9 Inventory costs Optimization criterion: cost minimization
Holding (carrying) cost Cost of storage, handling, tax / insurance, breakage deterioration, obsolescence, opportunity cost of alternative investment (cost of capital) etc. Proportional to the amount of inventory on hand Dimension: $ per unit per year Setup (production change-over) or ordering cost Cost of arranging specific equipment setups or someone placing an order Penalty (shortage or stock-out) costs Lost sales, loss of goodwill

10 Identifying critical inventory items (ABC analysis)

11 Q 3 page 628, demonstrate graphically
Homework - 2 Q 3 page 628, demonstrate graphically

12 The EOQ Model EOQ = Economic Order Quantity
Simplest, most fundamental model, basis for more complex models Trade-off: fixed order costs and holding costs One of the oldest and most well known inventory control techniques Easy to use Based on a number of assumptions!

13 The EOQ Model Assumptions; Constant demand rate
No constraints on lot size Only relevant costs are holding and ordering/setup Decisions for items are independent from other items No uncertainty in lead time or supply

14 The EOQ Model Average cycle inventory Q 2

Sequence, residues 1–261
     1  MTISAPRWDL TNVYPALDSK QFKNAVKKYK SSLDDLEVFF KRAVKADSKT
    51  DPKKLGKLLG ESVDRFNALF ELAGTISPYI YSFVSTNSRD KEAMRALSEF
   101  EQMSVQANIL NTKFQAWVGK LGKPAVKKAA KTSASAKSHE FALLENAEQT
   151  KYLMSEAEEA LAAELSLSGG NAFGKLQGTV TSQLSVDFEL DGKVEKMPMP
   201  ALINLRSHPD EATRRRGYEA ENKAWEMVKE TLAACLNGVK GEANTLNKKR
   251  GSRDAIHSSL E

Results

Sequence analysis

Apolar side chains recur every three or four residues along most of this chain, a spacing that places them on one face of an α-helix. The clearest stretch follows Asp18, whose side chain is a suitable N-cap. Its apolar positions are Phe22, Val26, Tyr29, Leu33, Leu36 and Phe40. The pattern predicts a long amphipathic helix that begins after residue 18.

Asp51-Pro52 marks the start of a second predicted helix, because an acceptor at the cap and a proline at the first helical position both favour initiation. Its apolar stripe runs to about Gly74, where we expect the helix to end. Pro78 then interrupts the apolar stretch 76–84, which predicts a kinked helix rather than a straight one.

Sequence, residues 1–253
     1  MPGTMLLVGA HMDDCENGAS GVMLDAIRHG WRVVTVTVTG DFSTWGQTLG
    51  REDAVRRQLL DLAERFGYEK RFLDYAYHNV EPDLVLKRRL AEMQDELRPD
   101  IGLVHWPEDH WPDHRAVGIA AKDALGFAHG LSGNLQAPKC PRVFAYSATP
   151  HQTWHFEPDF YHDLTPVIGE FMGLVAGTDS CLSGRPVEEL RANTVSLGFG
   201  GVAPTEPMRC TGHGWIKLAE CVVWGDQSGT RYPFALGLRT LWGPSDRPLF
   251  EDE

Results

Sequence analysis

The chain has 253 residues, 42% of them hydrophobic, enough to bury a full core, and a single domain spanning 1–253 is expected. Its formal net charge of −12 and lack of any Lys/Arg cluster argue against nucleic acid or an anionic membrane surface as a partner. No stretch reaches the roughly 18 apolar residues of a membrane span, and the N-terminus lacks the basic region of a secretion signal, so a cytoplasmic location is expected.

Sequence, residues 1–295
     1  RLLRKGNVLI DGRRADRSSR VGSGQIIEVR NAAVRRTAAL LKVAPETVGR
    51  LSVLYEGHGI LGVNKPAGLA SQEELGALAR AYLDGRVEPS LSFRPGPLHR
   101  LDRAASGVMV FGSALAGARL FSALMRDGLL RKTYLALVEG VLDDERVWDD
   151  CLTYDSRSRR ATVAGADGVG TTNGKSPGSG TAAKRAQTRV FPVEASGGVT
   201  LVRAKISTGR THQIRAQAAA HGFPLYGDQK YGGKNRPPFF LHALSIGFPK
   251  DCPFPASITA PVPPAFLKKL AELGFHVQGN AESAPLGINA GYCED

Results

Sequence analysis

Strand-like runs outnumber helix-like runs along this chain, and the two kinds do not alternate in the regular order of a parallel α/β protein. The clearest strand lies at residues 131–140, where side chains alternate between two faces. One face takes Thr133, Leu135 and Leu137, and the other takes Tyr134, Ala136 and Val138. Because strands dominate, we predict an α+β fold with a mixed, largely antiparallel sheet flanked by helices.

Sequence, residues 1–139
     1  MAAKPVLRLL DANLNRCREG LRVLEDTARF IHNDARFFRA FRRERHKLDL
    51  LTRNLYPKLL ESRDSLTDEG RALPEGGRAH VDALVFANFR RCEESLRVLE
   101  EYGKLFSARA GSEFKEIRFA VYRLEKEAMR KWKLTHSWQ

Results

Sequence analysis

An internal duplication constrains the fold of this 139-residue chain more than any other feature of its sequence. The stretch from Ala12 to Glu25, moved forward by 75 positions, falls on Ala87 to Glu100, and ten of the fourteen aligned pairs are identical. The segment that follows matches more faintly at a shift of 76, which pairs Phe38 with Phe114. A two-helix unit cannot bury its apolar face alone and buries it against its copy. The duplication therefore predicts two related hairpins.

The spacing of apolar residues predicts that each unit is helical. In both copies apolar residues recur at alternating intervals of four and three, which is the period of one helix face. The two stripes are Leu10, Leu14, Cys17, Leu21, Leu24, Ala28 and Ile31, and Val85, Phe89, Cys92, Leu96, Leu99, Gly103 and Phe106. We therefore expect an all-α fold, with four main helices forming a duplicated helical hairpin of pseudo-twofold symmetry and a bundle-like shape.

15 The EOQ Model

16 The EOQ Model Annual Holding Ordering Cost Total Annual Cost =
+ C = Total annual cost D = Demand Q = Order quantity S = Cost of placing an order or setup cost H = Annual holding and storage cost per unit of inventory

17 Two Methods for holding cost
Holding cost (H) can be expressed either: As a fixed cost, such as H = $0.50 per unit per year As a percentage of the item’s purchase cost (P) H = I x P I = a percentage of the purchase cost

18 How can we find EOQ? From above
The EOQ Model How can we find EOQ? From above

19 The EOQ Model

20 Have a look at example 13.2, page 604
The EOQ Model Have a look at example 13.2, page 604

21 Overview of inventory policies
Two basic questions: Q1: When should we order (or produce)? Q2: How much? Typical answers to Q1: When inventory level is equal (or below) a level R Every P time units Typical answers to Q2: Order or produce Q units Order or produce such that the inventory level T Models: Continuous review: (R, Q) Periodic review: (P, T, Q)

22 Continuous Review (Q) System
Tracks inventory after every withdrawal Determines if re-order (R) is necessary Fixed Order Quantity (Q) Inventory Position (IP) considers: Scheduled Receipts (SR) On-Hand Inventory (OH) Backorders (BO)

23 Periodic Review (P) Time between orders is fixed, P
Quantity changes to meet needs Stock positions are restored on pre-determined dates to (T) Target Inventory Level When the order arrives (IP) and (OH) are identical